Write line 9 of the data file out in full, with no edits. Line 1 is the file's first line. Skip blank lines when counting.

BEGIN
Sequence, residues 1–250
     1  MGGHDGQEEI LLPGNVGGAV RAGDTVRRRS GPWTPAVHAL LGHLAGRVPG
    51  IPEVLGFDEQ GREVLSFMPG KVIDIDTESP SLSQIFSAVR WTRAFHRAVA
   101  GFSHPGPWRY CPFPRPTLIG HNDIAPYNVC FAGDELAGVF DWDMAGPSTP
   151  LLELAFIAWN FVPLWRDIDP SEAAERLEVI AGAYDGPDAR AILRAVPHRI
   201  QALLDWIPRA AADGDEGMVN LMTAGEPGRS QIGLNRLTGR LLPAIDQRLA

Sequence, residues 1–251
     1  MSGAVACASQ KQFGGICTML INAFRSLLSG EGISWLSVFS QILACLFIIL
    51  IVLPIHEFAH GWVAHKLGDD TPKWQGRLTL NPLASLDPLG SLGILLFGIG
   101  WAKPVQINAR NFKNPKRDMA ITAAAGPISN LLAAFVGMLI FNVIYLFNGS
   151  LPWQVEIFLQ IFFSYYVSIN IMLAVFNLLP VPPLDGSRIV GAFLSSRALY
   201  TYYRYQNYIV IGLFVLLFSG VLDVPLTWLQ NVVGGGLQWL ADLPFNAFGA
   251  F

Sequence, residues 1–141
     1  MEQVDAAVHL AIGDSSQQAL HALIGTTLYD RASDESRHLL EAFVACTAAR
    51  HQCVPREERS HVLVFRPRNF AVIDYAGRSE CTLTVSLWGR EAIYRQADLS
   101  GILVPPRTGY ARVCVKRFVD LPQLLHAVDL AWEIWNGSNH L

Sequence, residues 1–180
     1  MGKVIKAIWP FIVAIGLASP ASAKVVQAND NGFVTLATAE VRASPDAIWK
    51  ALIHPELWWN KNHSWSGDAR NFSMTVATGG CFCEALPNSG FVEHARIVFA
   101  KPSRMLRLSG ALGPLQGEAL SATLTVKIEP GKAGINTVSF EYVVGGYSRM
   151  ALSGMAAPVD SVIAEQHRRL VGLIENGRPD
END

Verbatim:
    51  IVLPIHEFAH GWVAHKLGDD TPKWQGRLTL NPLASLDPLG SLGILLFGIG